Disciples of Christ
Our Identity Statement
The identity statement of the Christian Church (Disciples of Christ) states: “We are Disciples of Christ, a movement for wholeness in a fragmented world. As part of the one body of Christ, we welcome all to the Lord’s Table as God has welcomed us.”
The Lord’s Supper or Communion is celebrated in weekly worship. It is open to all who are followers of Jesus Christ. The practice of Holy Communion has become the central element of worship within the Disciples tradition.
Disciples’ observance of the Lord’s Supper echoes the Passover feast when Jesus shared bread and wine with his disciples on the eve of his crucifixion. Through the power of the Holy Spirit, the living Christ is met and received in the sharing of the bread and the cup, representative of the body and blood of Jesus. The presence of the living Lord is affirmed and he is proclaimed to be the dominant power in our lives.
We practice believer baptism
A person makes the choice to follow God’s call rather than the choice being made for them as an infant. Baptism is the basis of membership in the Church and also a mark that every person is called to serve God – the idea of the “priesthood of all believers.” The meaning of baptism is grounded in God’s redemptive action in Christ, it incorporates the believer in the community in the body of Christ, and it anticipates life in the coming age when the powers of the old world will be overcome, and the purposes of God will triumph.
Our Church History
The First Christian (Disciples of Christ) Church of Maryville is a mainstream protestant church that traces its origin to 1868 when a group of seventeen people met and organized themselves into the “Christian Church of Maryville”. The small group met in the school house, Methodist Church and private homes for two years. The first church building was completed in 1870 and was located at the corner of third and Buchanan and has remained at that location.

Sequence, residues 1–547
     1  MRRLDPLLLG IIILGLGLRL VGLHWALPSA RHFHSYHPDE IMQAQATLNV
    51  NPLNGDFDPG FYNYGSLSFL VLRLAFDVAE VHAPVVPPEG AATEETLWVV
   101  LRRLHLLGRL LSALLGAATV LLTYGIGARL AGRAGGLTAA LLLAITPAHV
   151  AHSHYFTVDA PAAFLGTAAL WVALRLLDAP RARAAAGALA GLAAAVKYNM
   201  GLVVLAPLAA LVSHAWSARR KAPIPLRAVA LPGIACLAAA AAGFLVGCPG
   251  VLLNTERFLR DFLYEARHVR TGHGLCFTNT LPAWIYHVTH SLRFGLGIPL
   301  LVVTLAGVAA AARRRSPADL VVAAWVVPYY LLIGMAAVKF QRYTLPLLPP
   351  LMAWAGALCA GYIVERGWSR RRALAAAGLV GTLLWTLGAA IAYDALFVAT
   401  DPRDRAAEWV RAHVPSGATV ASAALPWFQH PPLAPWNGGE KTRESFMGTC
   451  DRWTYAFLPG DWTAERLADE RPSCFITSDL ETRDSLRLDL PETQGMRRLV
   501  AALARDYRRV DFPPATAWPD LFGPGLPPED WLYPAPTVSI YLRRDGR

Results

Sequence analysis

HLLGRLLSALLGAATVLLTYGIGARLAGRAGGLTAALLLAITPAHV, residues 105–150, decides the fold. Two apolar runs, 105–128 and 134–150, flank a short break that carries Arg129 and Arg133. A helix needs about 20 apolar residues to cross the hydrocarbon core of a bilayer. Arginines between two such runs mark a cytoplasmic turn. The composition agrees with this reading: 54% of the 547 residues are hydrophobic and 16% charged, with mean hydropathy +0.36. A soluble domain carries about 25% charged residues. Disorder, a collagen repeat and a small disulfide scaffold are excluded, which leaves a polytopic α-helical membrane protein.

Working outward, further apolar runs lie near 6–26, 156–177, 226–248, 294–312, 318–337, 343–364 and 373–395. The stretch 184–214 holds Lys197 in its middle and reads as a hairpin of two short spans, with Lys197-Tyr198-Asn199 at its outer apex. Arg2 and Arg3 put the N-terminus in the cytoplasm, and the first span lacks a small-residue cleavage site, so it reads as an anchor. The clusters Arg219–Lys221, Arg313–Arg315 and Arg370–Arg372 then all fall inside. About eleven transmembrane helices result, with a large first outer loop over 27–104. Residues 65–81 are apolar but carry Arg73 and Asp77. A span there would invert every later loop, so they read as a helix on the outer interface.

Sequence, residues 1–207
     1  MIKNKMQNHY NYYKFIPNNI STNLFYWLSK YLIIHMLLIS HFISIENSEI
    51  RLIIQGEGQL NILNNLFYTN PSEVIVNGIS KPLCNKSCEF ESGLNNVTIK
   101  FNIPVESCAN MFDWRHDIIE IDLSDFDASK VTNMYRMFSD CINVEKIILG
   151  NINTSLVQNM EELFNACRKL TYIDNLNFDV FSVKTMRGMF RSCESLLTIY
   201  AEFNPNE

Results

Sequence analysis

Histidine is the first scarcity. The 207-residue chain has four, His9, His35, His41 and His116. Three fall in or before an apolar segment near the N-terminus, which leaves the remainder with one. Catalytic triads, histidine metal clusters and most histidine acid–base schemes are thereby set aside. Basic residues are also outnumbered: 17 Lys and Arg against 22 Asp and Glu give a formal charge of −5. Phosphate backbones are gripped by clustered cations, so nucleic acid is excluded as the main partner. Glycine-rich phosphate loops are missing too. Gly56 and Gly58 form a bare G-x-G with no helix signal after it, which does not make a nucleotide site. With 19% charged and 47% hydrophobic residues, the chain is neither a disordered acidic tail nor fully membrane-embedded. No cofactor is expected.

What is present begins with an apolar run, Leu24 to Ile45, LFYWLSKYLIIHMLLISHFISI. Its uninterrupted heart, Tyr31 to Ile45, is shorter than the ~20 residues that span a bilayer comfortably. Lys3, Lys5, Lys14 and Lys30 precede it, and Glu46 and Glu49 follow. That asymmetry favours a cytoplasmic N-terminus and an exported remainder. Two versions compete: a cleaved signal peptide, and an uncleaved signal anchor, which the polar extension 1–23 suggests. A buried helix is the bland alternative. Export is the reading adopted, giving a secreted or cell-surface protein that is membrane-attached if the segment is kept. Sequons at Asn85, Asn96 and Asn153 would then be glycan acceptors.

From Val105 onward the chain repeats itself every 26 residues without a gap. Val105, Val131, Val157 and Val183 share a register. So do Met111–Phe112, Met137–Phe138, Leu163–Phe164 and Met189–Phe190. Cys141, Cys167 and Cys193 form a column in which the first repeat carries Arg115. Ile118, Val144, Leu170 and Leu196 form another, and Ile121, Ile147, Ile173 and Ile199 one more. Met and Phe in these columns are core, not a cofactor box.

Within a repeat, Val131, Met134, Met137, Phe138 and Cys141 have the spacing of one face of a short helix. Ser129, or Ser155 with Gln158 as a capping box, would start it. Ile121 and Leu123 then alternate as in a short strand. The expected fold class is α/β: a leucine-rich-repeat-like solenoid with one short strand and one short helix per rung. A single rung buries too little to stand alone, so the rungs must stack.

The young congregation grew rapidly and soon needed more space. The old church was demolished and replaced by a new bigger and better building that was dedicated in 1893. This building would serve the congregation until the early 1980’s.
As the church evolved and Sunday School became more important, space for teaching became a problem. The congregation decided to construct an education building and the Laura B. Hawkins Education Building was completed in 1959. It is interesting to note that Rev. C.M. Chilton who was the pastor when the cornerstone for the church was laid in 1893 returned 60 years later to participate in the ground breaking ceremonies of the education building.
As the 1893 building aged, the need for new facilities became apparent and the congregation, once again, decided to demolish the old building and build a new facility. The present church building was constructed and dedicated in 1982.
As the physical facilities of the church has evolved through the years so have the practices of the congregation. The early church separated men and women at worship, assessed members according to their income, banned organ music and dismissed members for inappropriate behavior. These practices have long disappeared and the church has become a modern, diverse, all inclusive congregation that welcomes everyone.